Lankan Cabinet Formed After Crossing Formidable Hurdles

Sixteen days after the results of the August parliamentary elections were officially announced, Sri Lanka has got a cabinet of ministers.

Published: 04th September 2015 07:17 PM  |   Last Updated: 04th September 2015 07:21 PM   |  A+A-

COLOMBO: Sri Lanka got a cabinet of ministers on Friday, sixteen days after the results of the August parliamentary elections were officially announced. Many hurdles had to be crossed before 42 cabinet-rank Ministers could be sworn in.

The 43 rd Cabinet Minister, Foreign Minister Mangala Samaraweera, was sworn-in in  August itself to enable the newly elected government to hold official talks with the visiting US Assistant Secretary of State, Nisha Biswal.

The first hurdle was getting political support for the formation of a National Government (NG), which in effect meant a coalition of the United National Front for Good Governance (UNFGG),the largest group, and the  United Peoples’ Freedom Alliance (UPFA), the second largest group.

While the UNFGG had been touting the idea of a NG since December last year,  the UPFA was divided on it. The faction led by President Mithripala Sirisena  was committed to it, but the one led by former President Mahinda Rajapaksa was against it. To add to the difficulties, the Rajapaksa faction was very much larger than the Sirisena faction.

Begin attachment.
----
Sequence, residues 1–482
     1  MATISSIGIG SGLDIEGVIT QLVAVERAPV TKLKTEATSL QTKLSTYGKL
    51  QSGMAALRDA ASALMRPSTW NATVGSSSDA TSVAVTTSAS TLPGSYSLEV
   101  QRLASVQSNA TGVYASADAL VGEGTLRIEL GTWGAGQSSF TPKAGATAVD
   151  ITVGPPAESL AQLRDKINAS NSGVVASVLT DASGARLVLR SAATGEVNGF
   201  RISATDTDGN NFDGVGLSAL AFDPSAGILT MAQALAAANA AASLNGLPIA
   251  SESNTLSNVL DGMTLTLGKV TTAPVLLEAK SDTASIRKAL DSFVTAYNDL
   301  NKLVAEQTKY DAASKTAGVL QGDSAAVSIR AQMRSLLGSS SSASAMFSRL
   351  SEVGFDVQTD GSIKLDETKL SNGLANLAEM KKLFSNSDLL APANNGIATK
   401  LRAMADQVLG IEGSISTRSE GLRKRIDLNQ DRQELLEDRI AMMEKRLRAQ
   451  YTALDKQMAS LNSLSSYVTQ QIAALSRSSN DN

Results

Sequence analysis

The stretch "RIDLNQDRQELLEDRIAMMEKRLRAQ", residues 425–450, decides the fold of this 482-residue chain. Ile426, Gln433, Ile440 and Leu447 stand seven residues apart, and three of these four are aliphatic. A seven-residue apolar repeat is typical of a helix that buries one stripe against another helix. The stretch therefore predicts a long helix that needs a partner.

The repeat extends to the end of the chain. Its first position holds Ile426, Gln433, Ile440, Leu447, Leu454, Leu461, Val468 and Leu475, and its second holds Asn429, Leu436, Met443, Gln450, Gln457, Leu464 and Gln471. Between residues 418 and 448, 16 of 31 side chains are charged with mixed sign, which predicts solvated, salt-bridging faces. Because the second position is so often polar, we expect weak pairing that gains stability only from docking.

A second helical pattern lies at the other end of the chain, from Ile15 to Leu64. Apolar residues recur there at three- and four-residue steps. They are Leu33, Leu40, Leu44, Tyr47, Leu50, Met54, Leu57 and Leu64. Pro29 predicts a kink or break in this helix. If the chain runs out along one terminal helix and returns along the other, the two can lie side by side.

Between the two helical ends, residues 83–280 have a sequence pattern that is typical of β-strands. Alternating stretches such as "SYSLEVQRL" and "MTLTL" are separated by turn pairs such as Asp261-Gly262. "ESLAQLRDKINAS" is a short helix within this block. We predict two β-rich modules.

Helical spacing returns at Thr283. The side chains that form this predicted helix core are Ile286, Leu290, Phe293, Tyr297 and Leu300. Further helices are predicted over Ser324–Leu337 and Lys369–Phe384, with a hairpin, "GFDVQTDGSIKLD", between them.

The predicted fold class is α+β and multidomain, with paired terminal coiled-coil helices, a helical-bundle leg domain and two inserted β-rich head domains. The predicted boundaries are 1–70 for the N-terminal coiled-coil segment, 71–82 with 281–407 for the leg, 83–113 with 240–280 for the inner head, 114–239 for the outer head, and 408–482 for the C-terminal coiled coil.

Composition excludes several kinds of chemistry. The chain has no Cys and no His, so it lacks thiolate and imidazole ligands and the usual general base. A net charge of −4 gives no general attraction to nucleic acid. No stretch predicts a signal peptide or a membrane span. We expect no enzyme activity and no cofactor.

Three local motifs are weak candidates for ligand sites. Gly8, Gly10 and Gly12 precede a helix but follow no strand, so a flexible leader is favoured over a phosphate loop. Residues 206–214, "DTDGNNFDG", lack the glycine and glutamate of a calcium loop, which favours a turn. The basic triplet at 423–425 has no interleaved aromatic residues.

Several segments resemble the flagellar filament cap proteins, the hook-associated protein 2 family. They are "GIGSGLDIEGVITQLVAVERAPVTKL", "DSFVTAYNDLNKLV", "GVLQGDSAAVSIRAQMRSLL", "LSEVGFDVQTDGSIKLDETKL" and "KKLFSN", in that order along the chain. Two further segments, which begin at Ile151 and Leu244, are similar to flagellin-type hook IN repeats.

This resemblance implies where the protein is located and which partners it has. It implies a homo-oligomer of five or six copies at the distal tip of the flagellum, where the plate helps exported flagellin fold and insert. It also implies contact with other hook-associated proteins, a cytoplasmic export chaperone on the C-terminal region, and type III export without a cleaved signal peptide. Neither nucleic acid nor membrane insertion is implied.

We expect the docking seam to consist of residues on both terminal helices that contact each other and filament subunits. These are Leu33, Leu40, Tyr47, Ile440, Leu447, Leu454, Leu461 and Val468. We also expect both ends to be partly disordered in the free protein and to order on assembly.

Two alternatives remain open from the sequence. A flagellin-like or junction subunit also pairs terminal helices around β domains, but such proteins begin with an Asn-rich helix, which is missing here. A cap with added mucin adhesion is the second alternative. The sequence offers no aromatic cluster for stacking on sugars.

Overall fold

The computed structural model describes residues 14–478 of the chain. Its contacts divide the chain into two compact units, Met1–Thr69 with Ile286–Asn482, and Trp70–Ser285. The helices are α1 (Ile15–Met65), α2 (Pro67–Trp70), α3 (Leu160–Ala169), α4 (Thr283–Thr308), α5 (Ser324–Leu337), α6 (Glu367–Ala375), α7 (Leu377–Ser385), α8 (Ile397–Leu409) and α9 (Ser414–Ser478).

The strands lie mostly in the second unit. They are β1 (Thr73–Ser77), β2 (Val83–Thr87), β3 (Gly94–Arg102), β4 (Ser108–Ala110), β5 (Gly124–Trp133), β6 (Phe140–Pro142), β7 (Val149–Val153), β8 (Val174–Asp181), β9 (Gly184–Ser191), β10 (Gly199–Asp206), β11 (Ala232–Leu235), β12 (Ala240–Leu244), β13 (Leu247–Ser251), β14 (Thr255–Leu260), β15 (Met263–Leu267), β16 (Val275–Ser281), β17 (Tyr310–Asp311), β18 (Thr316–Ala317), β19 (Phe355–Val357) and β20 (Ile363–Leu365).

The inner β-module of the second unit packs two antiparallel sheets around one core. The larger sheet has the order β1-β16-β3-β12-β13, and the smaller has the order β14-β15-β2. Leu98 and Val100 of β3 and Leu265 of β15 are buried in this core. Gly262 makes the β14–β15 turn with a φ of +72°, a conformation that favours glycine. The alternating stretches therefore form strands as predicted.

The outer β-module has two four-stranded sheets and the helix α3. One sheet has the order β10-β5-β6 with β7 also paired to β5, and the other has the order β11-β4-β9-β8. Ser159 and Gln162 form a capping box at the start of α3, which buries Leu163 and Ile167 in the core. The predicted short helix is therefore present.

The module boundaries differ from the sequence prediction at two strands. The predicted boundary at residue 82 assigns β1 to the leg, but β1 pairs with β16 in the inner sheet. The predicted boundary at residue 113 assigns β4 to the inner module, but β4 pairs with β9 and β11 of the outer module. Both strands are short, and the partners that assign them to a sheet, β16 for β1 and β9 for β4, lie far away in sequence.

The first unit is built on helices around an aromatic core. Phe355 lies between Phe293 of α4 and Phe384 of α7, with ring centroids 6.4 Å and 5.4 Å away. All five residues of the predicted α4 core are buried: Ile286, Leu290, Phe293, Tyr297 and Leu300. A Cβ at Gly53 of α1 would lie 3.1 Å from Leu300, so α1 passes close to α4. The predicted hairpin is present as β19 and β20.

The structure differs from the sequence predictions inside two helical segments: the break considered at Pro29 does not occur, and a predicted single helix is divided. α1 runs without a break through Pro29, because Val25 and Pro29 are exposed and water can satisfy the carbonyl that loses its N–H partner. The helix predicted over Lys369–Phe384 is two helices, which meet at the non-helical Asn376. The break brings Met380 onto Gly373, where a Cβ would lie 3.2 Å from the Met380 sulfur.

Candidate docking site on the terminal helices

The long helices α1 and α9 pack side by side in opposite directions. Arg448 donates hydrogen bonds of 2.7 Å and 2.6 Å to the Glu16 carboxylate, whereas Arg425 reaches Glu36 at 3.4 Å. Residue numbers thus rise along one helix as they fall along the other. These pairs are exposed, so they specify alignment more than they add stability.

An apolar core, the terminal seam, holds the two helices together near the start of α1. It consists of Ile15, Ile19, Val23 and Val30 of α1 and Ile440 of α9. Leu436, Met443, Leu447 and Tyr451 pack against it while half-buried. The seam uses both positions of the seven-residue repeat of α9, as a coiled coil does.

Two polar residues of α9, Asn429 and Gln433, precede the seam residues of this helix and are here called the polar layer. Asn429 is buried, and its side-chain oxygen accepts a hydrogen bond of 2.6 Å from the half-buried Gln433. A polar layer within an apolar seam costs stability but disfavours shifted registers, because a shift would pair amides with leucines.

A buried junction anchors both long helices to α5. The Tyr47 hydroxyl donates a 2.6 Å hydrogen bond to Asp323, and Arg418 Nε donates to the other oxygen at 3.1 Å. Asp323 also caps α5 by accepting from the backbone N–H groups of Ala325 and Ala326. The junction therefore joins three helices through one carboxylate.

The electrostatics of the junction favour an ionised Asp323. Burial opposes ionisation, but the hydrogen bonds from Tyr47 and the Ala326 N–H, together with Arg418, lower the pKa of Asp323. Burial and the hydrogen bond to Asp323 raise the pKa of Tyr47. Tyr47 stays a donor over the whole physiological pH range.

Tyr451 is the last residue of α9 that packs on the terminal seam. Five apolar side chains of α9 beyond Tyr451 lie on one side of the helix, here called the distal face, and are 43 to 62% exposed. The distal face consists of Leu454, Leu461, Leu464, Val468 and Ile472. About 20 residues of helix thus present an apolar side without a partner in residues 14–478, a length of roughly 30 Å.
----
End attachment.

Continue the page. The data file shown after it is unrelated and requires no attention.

It was only after the parliamentary elections, in which the UPFA was defeated and Rajapaksa could not become Prime Minister, that his faction agreed to join a NG.  However, even now, it is not clear as to how many Rajapaksa faction MPs will actually support the NG. Fifty five of the 95 UPFA MPs are said to be in the Rajapaksa faction.

Parliamentary Approval

The second hurdle was getting parliamentary approval to increase the size of the cabinet from 30 (the limit set by the 19 th. Amendment) to 48, as the government was going to be “National”. Approval was secured on Thursday, with 16 voting against and 63 keeping away.

Quarrel Over Loaves Of Office

The third hurdle was the distribution of portfolios. The UNFGG wanted the lion’s share and the high profile portfolios, having won the elections. But the UPFA argued that the gap was narrow (106 seats to 95). Finally, the UNFGG bagged 32 seats in the 43-member cabinet, with plum portfolios like Finance, Home, Ports, Housing, Plantations, Commerce and Industry, Health and Education. But President Sirisena, who is UPFA, holds Defense.

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